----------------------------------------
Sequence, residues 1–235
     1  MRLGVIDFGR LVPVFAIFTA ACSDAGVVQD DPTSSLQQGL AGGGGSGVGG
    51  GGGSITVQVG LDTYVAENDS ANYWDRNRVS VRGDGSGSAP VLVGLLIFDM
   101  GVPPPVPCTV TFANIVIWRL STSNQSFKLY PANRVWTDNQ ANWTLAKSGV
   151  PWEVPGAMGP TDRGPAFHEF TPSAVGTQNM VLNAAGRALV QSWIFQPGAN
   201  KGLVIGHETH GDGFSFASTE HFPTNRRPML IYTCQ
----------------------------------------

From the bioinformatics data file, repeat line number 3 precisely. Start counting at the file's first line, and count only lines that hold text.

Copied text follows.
    51  GGGSITVQVG LDTYVAENDS ANYWDRNRVS VRGDGSGSAP VLVGLLIFDM